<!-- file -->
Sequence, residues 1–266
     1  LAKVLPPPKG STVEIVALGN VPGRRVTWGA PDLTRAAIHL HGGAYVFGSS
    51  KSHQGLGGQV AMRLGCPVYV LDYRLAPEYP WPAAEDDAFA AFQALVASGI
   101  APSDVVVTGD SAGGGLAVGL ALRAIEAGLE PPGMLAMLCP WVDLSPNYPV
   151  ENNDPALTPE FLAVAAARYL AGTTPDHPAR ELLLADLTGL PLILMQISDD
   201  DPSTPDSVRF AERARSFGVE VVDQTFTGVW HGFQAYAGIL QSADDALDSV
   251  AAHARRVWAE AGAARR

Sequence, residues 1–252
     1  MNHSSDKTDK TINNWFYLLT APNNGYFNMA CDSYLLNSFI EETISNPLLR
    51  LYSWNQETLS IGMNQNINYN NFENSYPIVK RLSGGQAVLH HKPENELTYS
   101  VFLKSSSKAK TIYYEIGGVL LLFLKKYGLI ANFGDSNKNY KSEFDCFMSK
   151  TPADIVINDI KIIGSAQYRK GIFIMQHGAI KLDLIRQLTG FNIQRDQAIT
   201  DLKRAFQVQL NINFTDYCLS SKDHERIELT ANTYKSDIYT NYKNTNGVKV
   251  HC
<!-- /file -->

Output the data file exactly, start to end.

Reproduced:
Sequence, residues 1–266
     1  LAKVLPPPKG STVEIVALGN VPGRRVTWGA PDLTRAAIHL HGGAYVFGSS
    51  KSHQGLGGQV AMRLGCPVYV LDYRLAPEYP WPAAEDDAFA AFQALVASGI
   101  APSDVVVTGD SAGGGLAVGL ALRAIEAGLE PPGMLAMLCP WVDLSPNYPV
   151  ENNDPALTPE FLAVAAARYL AGTTPDHPAR ELLLADLTGL PLILMQISDD
   201  DPSTPDSVRF AERARSFGVE VVDQTFTGVW HGFQAYAGIL QSADDALDSV
   251  AAHARRVWAE AGAARR

Sequence, residues 1–252
     1  MNHSSDKTDK TINNWFYLLT APNNGYFNMA CDSYLLNSFI EETISNPLLR
    51  LYSWNQETLS IGMNQNINYN NFENSYPIVK RLSGGQAVLH HKPENELTYS
   101  VFLKSSSKAK TIYYEIGGVL LLFLKKYGLI ANFGDSNKNY KSEFDCFMSK
   151  TPADIVINDI KIIGSAQYRK GIFIMQHGAI KLDLIRQLTG FNIQRDQAIT
   201  DLKRAFQVQL NINFTDYCLS SKDHERIELT ANTYKSDIYT NYKNTNGVKV
   251  HC